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From the Editors: Microsoft’s changing .NET standards



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March 1, 2010 —  (Page 1 of 2)
Microsoft should be more conservative about changing fundamental technologies in .NET, especially when its changes require substantial developer rework and reverse previously stated directions.

The company’s recent decision to shift from LINQ to SQL on the ADO.NET Entity Framework was unsettling to some developers, and it contributed to the confusion regarding .NET libraries and consistency. Uncertainty is anathema to developers who might be considering .NET and who don’t want to be programming for a moving target.

Developers do not welcome breaking changes and do not want to be stuck using technologies that are initially encouraged by Microsoft, but then suddenly are rendered obsolete. The fact that Microsoft has committed to a 10-year support cycle for LINQ to SQL does not inspire confidence in the enterprise, where it is not uncommon for many applications to be decades old.

Since the .NET Framework's introduction less than a decade ago, Microsoft has rapidly evolved it into a popular and productive platform for developers. The company deserves credit for its stewardship of the platform, but it needs to put the brakes on introducing new features that fragment the platform's existing technologies.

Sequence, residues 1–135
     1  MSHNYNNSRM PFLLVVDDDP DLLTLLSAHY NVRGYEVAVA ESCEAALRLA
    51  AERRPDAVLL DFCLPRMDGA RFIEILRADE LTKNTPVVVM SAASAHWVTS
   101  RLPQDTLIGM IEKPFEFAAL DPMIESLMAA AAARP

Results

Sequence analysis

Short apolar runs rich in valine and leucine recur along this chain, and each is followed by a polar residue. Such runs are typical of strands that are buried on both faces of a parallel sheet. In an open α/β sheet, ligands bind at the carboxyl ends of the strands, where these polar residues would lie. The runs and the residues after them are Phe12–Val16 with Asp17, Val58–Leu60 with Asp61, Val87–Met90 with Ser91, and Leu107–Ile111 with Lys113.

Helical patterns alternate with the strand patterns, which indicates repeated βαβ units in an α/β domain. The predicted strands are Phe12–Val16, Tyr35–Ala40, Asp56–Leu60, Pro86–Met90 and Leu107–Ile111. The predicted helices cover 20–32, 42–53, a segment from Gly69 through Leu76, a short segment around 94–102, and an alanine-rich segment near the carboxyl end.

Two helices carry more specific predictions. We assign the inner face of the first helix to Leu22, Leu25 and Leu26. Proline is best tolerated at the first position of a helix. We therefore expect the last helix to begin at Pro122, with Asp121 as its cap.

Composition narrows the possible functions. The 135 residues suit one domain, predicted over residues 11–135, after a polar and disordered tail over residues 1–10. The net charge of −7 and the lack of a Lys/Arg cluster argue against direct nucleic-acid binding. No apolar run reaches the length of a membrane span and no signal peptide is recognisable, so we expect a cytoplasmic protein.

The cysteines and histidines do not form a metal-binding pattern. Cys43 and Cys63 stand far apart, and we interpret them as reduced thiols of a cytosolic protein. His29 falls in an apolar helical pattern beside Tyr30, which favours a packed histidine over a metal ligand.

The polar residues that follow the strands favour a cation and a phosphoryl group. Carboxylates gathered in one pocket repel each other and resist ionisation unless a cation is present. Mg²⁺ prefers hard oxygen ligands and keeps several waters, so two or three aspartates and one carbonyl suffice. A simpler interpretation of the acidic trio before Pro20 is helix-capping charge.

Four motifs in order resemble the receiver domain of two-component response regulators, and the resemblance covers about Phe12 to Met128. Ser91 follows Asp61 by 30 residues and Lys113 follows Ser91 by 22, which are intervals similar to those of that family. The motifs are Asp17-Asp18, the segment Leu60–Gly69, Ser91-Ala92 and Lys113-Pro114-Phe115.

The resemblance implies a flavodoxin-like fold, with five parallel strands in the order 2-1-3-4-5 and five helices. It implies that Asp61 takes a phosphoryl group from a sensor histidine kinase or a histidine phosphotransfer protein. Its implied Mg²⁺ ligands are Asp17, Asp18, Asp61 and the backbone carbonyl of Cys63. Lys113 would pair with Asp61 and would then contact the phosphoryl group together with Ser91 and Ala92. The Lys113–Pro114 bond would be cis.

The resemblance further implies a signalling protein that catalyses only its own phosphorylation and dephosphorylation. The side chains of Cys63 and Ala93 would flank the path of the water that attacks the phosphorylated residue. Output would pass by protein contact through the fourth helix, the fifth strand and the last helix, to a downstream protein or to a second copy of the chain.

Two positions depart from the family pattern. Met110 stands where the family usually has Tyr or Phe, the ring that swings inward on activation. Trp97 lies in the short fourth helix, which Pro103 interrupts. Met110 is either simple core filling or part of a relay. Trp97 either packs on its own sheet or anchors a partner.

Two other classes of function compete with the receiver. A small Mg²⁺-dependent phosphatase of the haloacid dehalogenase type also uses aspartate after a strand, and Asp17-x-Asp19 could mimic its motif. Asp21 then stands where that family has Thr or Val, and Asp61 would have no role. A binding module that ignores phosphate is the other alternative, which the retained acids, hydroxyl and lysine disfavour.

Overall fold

We hear accounts from developers and partners alike that struggle to keep up with the pace of change to those technologies. Continuing down that path is the wrong thing to do for customers and for .NET.

While it is true that the core of .NET has changed very little from .NET 2.0, few developers work with the base class libraries alone. The foundations that were added with .NET 3.0, along with features such as LINQ, are at the heart of many enterprise applications.

By its own admission, Microsoft would have saved itself a year of effort had it realized that developers wanted synergies between its various technologies. It took a year to right that wrong in .NET 3.5.

Businesses are betting that .NET will be a viable long-term platform, and Microsoft's partners have built businesses around it. While .NET is good, Microsoft’s inconsistency about APIs and supported technologies is not.



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Comments


03/03/2010 05:59:21 PM EST

Yes, its about time they should slow their pace. I am a .NET developer and really find it tough to cope up with the newest and latest framework releases while I'm still settling in with the previous one. Microsoft should provide enough time to the developers to get themselves drenched in the technology, otherwise it can get really frustating.

United StatesSam Young


05/14/2010 06:58:00 AM EST

I think it's hard to lock down a future path looking forward 10+ years. I think the .NET team is striking a good balance between supporting the latest technologies and providing a stable platform. If .NET does not reflect the evolution of the development world, it will soon turn into the new COBOL. .NET is now 10 years old - that is a few lifetimes in the technology world.

South AfricaHendrik


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